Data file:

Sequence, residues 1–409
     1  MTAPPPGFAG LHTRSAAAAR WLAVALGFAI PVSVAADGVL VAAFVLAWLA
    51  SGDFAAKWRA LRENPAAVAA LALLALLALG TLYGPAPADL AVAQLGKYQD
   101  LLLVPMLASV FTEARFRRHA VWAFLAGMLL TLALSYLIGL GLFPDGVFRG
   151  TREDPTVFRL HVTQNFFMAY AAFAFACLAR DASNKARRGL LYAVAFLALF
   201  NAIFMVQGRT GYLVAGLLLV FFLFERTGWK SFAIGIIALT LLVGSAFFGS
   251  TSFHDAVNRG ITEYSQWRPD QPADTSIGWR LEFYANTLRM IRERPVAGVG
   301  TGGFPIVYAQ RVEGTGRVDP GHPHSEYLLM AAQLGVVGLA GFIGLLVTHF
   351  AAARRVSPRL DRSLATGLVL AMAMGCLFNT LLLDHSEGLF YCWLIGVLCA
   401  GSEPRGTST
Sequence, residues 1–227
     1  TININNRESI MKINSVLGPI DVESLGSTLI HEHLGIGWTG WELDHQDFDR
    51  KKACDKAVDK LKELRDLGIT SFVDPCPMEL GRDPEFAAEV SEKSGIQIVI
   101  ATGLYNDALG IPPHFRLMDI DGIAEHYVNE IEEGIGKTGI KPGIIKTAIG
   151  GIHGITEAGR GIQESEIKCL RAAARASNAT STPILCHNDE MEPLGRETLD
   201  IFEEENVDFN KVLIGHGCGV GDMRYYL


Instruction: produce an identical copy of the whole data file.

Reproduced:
Sequence, residues 1–409
     1  MTAPPPGFAG LHTRSAAAAR WLAVALGFAI PVSVAADGVL VAAFVLAWLA
    51  SGDFAAKWRA LRENPAAVAA LALLALLALG TLYGPAPADL AVAQLGKYQD
   101  LLLVPMLASV FTEARFRRHA VWAFLAGMLL TLALSYLIGL GLFPDGVFRG
   151  TREDPTVFRL HVTQNFFMAY AAFAFACLAR DASNKARRGL LYAVAFLALF
   201  NAIFMVQGRT GYLVAGLLLV FFLFERTGWK SFAIGIIALT LLVGSAFFGS
   251  TSFHDAVNRG ITEYSQWRPD QPADTSIGWR LEFYANTLRM IRERPVAGVG
   301  TGGFPIVYAQ RVEGTGRVDP GHPHSEYLLM AAQLGVVGLA GFIGLLVTHF
   351  AAARRVSPRL DRSLATGLVL AMAMGCLFNT LLLDHSEGLF YCWLIGVLCA
   401  GSEPRGTST
Sequence, residues 1–227
     1  TININNRESI MKINSVLGPI DVESLGSTLI HEHLGIGWTG WELDHQDFDR
    51  KKACDKAVDK LKELRDLGIT SFVDPCPMEL GRDPEFAAEV SEKSGIQIVI
   101  ATGLYNDALG IPPHFRLMDI DGIAEHYVNE IEEGIGKTGI KPGIIKTAIG
   151  GIHGITEAGR GIQESEIKCL RAAARASNAT STPILCHNDE MEPLGRETLD
   201  IFEEENVDFN KVLIGHGCGV GDMRYYL